The data were extracted from the Medical Information Mart for Intensive Care version III (MIMIC-III V1.4) according to the ethical standards of the Institutional Review Board of the Massachusetts Institute of Technology. We applied the Protecting Human Research Participants test (No. 39742301). The databases cover 61,532 ICU admissions of 46,476 patients between 2001 and 2012 at the Beth Israel Deaconess Medical Center in Boston, MA . MIMIC-III includes hourly physiological readings from bedside monitors, records of demographics, and other clinical data.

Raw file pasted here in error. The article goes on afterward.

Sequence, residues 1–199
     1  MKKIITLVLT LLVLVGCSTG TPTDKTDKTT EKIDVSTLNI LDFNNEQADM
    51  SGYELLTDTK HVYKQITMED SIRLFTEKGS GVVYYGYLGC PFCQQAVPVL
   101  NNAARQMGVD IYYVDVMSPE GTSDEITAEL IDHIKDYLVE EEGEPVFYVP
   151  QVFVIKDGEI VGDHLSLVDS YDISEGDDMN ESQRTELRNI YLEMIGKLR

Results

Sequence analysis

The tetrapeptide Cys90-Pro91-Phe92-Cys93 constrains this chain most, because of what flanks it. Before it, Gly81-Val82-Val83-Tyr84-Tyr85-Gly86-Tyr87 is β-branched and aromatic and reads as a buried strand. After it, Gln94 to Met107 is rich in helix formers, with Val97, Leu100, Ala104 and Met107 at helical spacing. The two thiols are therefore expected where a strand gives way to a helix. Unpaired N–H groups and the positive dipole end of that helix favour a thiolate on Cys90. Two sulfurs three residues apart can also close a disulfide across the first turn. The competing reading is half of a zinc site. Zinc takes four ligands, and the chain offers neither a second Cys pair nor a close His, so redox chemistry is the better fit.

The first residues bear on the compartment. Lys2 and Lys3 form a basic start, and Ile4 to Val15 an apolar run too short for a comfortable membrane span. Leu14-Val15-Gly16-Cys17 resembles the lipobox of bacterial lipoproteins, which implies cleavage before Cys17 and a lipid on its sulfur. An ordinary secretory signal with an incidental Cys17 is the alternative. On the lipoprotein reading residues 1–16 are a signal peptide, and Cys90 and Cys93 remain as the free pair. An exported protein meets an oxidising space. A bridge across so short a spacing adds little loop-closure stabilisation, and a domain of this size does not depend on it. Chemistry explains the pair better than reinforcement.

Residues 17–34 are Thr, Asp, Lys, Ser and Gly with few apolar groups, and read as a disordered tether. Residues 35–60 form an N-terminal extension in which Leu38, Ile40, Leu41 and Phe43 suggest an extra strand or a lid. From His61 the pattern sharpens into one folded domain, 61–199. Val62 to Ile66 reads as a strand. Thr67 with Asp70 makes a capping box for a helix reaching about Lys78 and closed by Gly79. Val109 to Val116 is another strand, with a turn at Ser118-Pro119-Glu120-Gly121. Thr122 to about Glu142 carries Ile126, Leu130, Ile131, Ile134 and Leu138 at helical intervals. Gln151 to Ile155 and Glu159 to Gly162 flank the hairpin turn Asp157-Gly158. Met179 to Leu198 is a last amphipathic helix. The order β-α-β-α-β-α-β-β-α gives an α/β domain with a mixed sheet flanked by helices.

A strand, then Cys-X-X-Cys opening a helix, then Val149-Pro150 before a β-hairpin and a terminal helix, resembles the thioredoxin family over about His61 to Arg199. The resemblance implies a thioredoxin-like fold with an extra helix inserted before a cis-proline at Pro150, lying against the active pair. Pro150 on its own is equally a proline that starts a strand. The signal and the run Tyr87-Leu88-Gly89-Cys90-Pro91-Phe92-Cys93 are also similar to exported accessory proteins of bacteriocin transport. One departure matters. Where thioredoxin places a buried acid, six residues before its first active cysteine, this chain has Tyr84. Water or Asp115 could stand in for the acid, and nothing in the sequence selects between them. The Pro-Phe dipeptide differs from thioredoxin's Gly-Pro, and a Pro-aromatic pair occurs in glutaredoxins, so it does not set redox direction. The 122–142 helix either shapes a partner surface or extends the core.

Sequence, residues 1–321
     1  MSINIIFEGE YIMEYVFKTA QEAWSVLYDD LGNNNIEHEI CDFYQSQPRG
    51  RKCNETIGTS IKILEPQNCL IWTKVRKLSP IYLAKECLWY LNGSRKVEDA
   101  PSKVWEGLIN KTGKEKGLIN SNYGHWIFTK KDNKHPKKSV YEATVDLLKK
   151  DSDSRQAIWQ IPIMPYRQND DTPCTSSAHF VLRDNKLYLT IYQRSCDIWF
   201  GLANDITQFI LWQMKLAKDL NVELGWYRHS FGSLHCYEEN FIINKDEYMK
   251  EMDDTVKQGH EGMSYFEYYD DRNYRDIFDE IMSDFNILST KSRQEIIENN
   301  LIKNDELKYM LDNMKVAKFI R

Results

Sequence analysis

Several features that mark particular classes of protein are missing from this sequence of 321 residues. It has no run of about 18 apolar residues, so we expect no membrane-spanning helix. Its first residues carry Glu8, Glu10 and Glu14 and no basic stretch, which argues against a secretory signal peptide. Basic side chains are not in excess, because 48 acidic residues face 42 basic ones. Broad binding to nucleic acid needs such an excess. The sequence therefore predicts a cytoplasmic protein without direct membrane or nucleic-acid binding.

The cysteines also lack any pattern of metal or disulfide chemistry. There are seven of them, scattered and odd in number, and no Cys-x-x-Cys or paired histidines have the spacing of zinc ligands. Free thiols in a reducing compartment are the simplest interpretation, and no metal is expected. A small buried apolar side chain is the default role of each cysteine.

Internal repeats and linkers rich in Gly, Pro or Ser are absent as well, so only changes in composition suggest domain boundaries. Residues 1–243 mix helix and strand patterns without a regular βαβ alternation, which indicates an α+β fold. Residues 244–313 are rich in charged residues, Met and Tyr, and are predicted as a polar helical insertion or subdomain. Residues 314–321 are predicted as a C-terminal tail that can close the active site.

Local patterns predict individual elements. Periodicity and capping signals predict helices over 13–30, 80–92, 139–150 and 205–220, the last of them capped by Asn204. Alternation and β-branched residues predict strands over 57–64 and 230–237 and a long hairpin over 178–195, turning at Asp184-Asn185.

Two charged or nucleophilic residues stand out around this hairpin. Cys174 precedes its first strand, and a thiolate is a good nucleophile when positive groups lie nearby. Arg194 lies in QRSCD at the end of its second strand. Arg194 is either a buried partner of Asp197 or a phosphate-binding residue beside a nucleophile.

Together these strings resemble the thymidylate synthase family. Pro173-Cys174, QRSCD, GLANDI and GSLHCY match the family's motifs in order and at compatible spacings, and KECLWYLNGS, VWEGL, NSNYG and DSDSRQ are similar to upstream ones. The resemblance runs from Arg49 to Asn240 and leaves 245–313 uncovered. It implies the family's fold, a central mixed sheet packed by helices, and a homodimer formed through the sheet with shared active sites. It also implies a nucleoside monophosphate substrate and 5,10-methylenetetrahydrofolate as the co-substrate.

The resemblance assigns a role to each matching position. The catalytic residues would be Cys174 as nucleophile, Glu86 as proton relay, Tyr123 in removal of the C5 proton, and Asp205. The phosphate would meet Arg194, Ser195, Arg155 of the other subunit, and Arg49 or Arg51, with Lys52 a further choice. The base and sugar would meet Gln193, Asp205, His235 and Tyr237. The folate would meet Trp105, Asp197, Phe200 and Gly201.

Diagnostic criteria for acute pancreatitis (AP) are based on the fulfilment of two of three criteria: (1) abdominal pain consistent with acute pancreatitis (2) serum lipase activity (or amylase activity) at least three times the upper limit of normal; (3) characteristic findings of acute pancreatitis on contrast-enhanced computed tomography (CECT) and less commonly magnetic resonance imaging (MRI) or abdominal ultrasonography . Diagnoses of patients were recorded via the International Classification of Diseases, Ninth Revision (ICD-9) codes. Data were obtained through the Structured Query Language (SQL) performed in the MIMIC-III database.
This study was approved by the Institutional Review Boards of Beth Israel Deaconess Medical Center (Boston, MA) and the Massachusetts Institute of Technology (Cambridge, MA). This study was reported according to STROBE guidelines .